Anyone who's ever meditated will tell you there's a lot of interference going on in the average mind. Focussed attention is a rare thing. Which is one reason it was always going to be difficult to build a computer that could read your mind: for every thought worth reading, there are hundreds of trivial, irrelevant ones worth ignoring.
It's as if the brain needs recreation time, where it can generate as much mindlessness as it likes. Focussed attention is a rare thing partly because it takes a lot of work.
This is a problem that a research team from Switzerland's Ecole Polytechnique Federale de Lausanne have been grappling with. The team, led by Professor José del R. Millán from the school's Center for Neuroprosthetics, are working on a computer that reads mental intention. In other words, one that sorts through all the mental flotsam and determines what you really want it to do.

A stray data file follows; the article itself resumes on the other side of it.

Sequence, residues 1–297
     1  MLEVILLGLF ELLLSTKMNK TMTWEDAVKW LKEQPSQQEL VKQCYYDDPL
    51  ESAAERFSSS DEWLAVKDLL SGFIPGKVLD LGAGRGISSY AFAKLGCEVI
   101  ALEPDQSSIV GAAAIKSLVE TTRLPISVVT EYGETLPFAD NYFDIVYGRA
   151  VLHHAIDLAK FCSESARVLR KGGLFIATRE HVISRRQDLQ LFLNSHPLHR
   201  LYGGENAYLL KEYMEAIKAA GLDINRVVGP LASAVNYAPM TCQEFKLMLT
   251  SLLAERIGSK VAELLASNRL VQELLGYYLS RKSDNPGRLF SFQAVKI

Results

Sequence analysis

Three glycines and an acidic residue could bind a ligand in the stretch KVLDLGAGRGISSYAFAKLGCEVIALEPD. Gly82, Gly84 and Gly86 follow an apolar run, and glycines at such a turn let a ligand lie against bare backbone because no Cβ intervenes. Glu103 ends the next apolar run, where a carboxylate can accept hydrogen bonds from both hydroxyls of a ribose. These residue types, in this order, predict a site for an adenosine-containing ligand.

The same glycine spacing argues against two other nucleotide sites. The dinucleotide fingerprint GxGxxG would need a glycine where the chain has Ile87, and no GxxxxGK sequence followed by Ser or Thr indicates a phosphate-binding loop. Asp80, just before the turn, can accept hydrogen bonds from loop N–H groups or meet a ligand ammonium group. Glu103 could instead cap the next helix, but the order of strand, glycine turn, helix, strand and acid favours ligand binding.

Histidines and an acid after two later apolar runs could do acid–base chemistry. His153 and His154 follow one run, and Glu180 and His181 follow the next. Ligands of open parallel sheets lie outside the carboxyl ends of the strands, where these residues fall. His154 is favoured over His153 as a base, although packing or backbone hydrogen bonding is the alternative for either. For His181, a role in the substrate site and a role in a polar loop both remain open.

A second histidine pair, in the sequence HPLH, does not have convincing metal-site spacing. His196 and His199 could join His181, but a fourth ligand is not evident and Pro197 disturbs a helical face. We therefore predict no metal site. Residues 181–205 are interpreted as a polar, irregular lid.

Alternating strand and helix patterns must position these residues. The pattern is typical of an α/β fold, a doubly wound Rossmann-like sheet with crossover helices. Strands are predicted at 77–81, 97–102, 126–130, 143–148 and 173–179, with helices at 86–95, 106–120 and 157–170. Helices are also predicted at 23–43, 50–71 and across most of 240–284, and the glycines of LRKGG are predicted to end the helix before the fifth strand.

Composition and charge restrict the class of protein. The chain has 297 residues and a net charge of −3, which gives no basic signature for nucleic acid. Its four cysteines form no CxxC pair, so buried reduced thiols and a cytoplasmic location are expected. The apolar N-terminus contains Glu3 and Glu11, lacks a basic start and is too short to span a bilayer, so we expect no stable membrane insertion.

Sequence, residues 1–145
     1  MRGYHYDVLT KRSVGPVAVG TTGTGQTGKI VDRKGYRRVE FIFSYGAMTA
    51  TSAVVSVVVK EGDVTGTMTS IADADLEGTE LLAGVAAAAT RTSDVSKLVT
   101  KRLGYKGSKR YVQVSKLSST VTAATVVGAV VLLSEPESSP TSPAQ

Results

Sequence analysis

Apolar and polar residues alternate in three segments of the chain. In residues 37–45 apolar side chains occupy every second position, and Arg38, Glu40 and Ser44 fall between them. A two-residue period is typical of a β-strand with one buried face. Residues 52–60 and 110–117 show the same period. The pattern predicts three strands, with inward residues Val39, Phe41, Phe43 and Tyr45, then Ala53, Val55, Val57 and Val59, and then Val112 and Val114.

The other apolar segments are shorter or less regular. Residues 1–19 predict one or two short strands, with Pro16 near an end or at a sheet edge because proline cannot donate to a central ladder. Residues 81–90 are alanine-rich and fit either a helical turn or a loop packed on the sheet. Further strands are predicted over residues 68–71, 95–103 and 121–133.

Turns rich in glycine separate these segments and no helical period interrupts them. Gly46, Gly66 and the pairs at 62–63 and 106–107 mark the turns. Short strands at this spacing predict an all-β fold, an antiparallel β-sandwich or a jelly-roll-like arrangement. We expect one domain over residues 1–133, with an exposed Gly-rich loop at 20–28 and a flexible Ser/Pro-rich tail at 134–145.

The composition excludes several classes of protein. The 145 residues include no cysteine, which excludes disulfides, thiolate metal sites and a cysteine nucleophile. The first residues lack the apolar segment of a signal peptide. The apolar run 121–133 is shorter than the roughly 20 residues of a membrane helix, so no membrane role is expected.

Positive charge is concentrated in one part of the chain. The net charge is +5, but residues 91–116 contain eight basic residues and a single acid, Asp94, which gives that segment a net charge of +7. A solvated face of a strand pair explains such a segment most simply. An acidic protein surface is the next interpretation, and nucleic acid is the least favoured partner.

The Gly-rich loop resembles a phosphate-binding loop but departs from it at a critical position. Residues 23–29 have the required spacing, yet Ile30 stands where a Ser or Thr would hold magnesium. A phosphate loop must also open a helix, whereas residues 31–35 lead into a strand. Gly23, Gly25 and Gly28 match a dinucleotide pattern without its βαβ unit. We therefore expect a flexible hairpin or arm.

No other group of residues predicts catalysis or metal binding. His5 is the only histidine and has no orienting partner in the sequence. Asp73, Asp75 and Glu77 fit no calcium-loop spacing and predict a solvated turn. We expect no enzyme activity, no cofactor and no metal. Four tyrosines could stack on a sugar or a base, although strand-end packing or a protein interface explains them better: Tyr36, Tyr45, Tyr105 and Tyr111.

The advantage of this brain-computer interface is not only that it makes it a lot easier to drive, say, a wheelchair with your mind, but it also allows for multitasking. Which means that you don't have to spend every ounce of mental power on directing the computer - you can actually spend time using your mind to, er, think.
Here is Professor Millán explaining how it works: